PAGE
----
Biphasic activation of the mTOR pathway in the gustatory cortex is correlated with and necessary for taste learning

Katya Belelovsky, Hanoch Kaphzan, Alina Elkobi, Kobi Rosenblum

Research output: Contribution to journalArticlepeer-review

57 Scopus citations

Abstract

Different forms of memories and synaptic plasticity require synthesis of new proteins at the time of acquisition or immediately after. We are interested in the role of translation regulation in the cortex, the brain structure assumed to store long-term memories. The mammalian target of rapamycin, mTOR (also known as FRAP and RAFT-1), is part of a key signal transduction mechanism known to regulate translation of specific subset of mRNAs and to affect learning and synaptic plasticity. We report here that novel taste learning induces two waves of mTOR activation in the gustatory cortex. Interestingly, the first wave can be identified both in synaptoneurosomal and cellular fractions, whereas the second wave is detected in the cellular fraction but not in the synaptic one. Inhibition of mTOR, specifically in the gustatory cortex, has two effects. First, biochemically, it modulates several known downstream proteins that control translation and reduces the expression of postsynaptic density-95 in vivo. Second, behaviorally, it attenuates long-term taste memory. The results suggest that the mTOR pathway in the cortex modulates both translation factor activity and protein expression, to enable normal taste memory consolidation.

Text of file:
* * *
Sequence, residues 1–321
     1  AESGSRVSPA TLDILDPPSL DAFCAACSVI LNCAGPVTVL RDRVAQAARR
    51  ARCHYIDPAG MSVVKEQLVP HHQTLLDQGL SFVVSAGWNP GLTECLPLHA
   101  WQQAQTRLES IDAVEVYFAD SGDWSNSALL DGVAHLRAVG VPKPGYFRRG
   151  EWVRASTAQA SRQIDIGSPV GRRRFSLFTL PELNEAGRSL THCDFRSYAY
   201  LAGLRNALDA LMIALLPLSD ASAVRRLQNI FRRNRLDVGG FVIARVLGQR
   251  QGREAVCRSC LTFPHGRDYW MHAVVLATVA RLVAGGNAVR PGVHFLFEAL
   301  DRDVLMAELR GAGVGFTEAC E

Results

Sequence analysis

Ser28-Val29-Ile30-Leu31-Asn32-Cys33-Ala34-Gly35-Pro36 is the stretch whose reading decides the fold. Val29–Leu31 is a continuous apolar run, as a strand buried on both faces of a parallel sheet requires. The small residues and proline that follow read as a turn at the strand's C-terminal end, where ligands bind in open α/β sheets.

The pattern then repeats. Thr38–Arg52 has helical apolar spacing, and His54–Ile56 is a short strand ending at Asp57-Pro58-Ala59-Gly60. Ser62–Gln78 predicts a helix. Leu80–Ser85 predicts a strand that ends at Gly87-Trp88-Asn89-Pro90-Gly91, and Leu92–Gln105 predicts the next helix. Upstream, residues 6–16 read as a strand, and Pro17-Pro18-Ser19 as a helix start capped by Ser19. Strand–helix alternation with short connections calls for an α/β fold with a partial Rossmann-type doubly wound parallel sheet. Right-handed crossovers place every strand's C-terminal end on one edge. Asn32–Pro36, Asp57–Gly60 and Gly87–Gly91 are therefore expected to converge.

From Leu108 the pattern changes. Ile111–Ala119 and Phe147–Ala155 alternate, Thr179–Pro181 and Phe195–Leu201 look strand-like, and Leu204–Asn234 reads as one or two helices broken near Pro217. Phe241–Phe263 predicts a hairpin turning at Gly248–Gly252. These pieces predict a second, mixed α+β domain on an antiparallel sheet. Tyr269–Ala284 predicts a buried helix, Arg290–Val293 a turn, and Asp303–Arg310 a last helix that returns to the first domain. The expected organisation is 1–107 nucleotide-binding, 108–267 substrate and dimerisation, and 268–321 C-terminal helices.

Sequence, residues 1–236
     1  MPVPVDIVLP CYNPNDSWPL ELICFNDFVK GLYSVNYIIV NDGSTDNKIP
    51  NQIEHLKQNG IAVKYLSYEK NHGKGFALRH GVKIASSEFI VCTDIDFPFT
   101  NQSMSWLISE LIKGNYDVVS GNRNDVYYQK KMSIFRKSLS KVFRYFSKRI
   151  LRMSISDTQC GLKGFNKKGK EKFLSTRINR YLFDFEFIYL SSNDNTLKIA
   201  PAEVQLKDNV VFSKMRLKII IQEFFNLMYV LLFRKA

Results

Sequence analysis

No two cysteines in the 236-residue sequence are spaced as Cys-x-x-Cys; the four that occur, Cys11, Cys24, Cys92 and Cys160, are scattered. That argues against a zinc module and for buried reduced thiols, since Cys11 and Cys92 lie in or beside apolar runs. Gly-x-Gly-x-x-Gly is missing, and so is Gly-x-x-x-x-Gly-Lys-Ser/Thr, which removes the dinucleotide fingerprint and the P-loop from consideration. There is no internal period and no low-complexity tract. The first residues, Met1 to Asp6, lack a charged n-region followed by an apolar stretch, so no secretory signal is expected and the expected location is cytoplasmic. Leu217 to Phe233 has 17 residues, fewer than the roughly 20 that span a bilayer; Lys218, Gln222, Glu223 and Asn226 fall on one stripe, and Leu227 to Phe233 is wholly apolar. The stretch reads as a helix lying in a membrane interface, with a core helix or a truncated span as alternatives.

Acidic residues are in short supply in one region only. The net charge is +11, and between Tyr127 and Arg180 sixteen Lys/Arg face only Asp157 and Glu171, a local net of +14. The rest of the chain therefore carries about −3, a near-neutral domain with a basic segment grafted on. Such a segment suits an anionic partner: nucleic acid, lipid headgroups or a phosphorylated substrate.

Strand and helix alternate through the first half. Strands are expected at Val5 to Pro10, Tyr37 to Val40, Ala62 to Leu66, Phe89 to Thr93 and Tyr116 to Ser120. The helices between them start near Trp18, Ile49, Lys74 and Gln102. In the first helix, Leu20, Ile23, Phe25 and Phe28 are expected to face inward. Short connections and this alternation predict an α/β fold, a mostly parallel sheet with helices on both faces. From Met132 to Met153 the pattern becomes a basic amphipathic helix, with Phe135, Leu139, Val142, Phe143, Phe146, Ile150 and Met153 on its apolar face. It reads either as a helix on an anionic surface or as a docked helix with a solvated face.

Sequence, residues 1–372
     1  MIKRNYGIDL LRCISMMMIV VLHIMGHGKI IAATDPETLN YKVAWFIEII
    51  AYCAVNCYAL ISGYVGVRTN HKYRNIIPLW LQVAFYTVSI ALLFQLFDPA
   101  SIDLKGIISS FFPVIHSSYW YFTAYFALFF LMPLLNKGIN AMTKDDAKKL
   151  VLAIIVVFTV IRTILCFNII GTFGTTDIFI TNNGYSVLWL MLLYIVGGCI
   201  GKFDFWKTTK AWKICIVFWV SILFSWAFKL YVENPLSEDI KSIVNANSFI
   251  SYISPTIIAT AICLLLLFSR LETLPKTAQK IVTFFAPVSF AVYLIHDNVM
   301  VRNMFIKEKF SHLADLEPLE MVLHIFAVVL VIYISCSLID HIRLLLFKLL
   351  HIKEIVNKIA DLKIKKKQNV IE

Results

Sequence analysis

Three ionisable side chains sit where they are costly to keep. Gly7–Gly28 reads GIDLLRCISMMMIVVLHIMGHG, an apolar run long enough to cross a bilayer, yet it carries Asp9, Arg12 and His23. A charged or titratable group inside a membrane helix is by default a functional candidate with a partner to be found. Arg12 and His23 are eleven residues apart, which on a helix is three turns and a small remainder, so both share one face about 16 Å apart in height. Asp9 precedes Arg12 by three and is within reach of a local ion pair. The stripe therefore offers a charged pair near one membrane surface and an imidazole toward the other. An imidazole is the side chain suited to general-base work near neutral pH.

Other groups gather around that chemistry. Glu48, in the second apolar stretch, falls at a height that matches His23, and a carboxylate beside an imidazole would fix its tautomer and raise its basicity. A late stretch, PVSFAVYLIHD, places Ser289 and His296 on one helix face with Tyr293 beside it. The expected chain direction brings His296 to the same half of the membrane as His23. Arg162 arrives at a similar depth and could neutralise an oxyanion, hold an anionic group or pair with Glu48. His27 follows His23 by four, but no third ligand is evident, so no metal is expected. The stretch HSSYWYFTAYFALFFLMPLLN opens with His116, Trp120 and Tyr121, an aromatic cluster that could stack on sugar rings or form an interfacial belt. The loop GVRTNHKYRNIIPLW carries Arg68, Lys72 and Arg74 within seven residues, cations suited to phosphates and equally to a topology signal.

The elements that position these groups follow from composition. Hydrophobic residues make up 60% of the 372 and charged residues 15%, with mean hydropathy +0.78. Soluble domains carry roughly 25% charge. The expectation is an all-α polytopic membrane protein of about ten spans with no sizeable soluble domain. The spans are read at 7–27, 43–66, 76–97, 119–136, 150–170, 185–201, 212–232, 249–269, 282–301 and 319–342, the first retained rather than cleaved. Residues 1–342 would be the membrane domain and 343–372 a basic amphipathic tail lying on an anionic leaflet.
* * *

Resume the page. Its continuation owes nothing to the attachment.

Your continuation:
Original languageEnglish
Pages (from-to)7424-7431
Number of pages8
JournalJournal of Neuroscience
Volume29
Issue number23
DOIs
StatePublished - 10 Jun 2009
Externally publishedYes

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